[This is the third in a series on Cardinal Walter Kasper’s The Gospel of the Family. The other posts are: 1. A First Look at Cardinal Kasper; 2. The Ten Signposts.]
Chapter 3 of Kasper’s The Gospel of the Family brings his running biblical commentary into the New Testament. One thing is clear by this point: Cardinal Walter Kasper is no amateur at this. The man is deep into the Church’s theology of marriage.
Good news for Kasper fans: Cardinal Kasper knows what he is doing!
Potential bad news for Kasper fans: Cardinal Kasper knows what he is doing!
Here in chapter 3, I finally came across something that just leaves me troubled. Kasper brings up that “A fundamental statement by Jesus concerning marriage and family is found in his famous words about divorce (Matt 19:3-9).” He goes on to describe the conversation in which Jesus says that divorce and remarriage is adultery and the disciples respond, “If such is the case of a man with his wife, it is better not to marry.” Kasper comments:
Jesus indirectly confirms that, viewed from a human perspective, this is an excessive demand. It must be “given” to human beings; it is a gift of grace.
Kasper doesn’t give a citation for this, but Matthew 19:11 (continuing the conversation Kasper has been tracking) is the only place in Scripture where Jesus makes such a statement: “But he said to them, “Not all men can receive this saying, but only those to whom it is given.” That’s the only verse Kasper can have in mind.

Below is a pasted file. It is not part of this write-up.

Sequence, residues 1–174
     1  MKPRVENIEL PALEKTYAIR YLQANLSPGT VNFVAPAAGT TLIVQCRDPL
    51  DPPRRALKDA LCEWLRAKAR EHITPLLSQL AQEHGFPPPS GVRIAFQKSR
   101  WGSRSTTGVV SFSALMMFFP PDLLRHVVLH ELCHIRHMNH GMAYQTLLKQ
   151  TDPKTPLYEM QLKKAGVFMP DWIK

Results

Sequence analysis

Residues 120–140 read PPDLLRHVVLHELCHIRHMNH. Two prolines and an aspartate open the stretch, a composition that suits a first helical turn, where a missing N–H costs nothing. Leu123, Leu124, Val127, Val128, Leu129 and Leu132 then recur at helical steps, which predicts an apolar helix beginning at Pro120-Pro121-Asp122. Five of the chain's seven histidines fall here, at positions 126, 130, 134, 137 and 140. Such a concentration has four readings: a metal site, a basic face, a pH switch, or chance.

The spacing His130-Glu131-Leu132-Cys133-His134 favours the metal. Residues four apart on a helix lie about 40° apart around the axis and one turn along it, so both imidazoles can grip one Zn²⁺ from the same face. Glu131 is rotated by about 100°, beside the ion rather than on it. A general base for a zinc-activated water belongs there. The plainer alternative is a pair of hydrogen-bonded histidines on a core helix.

Here’s the strange thing. The patristic tradition agrees with the best modern commentary on Matthew in taking Matthew 19:11 as shifting the topic to celibacy for the sake of the kingdom, reading as leading smoothly into 19:12, “or there are eunuchs who have been so from birth, and there are eunuchs who have been made eunuchs by men, and there are eunuchs who have made themselves eunuchs for the sake of the kingdom of heaven. He who is able to receive this, let him receive it.” Kasper is aware of verse 12 and what it means, because he cites it later in the same chapter as referring to a grace given to a minority of Christians of living in celibacy for Christ.
Other people read verse 11 this way. Kasper can certainly side with the minority and take verse 11 as speaking of marriage, but one would think that he would signal somehow that his reading breaks with the usual Catholic interpretation, especially since his reading could suggest that perpetual marital fidelity is a grace given only to a few.
That is not the direction Kasper takes it in this chapter. He simply concludes that marital fidelity should be understood as rendered possible by the grace of the gospel, which softens the hardened heart (Matthew 19:8) that leads to divorce. His reflection on the demands of marriage is actually quite beautiful.
But I’ll be interested to see where this goes.